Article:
Yesterday I had the joyful opportunity to be in a demonstration of a Wu-Wo tea ceremony at the Chinese Classical Garden in Portland. I've been part of a group that practices Wu-Wo for a little over a year. I've waited to blog about it because I wanted to do a good job. As a novice I didn't feel ready, and I still have so much to learn, yet my desire to share this beautiful experience with you outweighs my hesitance. After all, Wu-Wo was designed to be a tea ceremony for us all.
Thanks to my friend Mitra for taking the photos.
The Portland Chinese Classical Garden, our splendid setting for Wu-Wo
Here is the introduction from the program materials: "Wu-Wo Tea Ceremony is based on traditional Chinese Gong-Fu small pot brewing dating back to the Ming dynasty more than 300 years ago. Traditional practice was modified in Taiwan in 1989 to create a ceremony that allows many participants to brew and serve tea together. Wu-Wo translates as 'selfless' or 'void of self.' There is no ranking of participants by level of knowledge, nationality, religion or social status and there is no expectation of reward. This ceremony helps participants develop a tolerant attitude and cultivate cooperation and thoughtfulness toward others while sharing a cup of heartwarming tea."
My Wu-Wo mat and equipment
The larger white tea cup was used for the demonstration, to show the color of the tea liquor
The basic equipment includes a brewing vessel, a serving vessel, four cups, a thermos of hot water and a tray for serving. Since Wu-Wo is typically done outside, you also need a blanket or mat to sit on (or a small stool). A timing device is helpful, and coasters keep the tea cups brought to you well-balanced in the grass. My entire kit above packs into my backpack. That's one of the best parts - you can take this on a hike! One can use humble tea brewing vessels. Any tea is welcome, and this spirit of diversity and appreciation is central to the ceremony.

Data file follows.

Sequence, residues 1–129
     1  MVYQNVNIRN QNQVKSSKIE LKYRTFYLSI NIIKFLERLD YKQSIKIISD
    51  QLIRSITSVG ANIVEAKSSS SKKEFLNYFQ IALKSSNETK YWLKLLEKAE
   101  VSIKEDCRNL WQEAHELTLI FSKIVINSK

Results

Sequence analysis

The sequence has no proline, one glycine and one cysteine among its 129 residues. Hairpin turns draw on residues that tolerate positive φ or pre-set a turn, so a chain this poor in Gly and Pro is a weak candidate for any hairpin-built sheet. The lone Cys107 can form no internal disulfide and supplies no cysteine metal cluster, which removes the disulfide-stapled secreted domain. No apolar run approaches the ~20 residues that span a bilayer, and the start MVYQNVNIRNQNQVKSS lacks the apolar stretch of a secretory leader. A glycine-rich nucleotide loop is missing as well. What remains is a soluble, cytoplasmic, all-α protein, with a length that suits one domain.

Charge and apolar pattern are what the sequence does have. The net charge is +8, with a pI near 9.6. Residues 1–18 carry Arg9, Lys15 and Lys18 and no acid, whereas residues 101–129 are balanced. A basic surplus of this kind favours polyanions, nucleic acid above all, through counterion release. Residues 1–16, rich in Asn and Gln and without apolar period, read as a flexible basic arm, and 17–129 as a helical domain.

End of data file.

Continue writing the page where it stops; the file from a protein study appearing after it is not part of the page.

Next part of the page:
Pouring the first steep into our serving pots
The general flow of a Wu-Wo event is to arrive and set up your mat/brewing space. We use a unifying process of unpacking that keeps the experience orderly and tidy. After everyone is settled, we have time to socialize and admire each person's arrangement and equipment.
Next, we enter a period of silence and brew the first round of tea. Here is where careful observation of your own tea and of your community is important. We move as a group to serve one another, though we are not speaking. Typically, we sit in a circle and serve tea to three people on our left and ourselves.
Serving the tea
Dewey explains Wu-Wo to the guests
We often brew, serve and drink three rounds of tea. When I drink the tea from others, I try to focus on the tea: its aroma, flavor, temperature, aftertaste, etc. I try to notice the subtle changes between each steeping. I also offer a silent thanks to each person who has brewed, to the tea plant, and to all that has gone into making the tea. For me, this becomes a meditative component, and I love it. Sometimes my chattery mind wanders off to other matters entirely, but I try to guide it back to the tea.
We drink the tea
Reading a poem
At the end of the ceremony, someone may offer a poem or reading to bring the event to a close. Since we are outdoors, the birds and breeze often join us in this moment of appreciation.
Range of oolong teas brewed at this Wu-Wo event
Many people in our group love oolong tea, and so we often find ourselves drinking a splendid range from light to dark. Remember, though, that any tea is welcome and honored.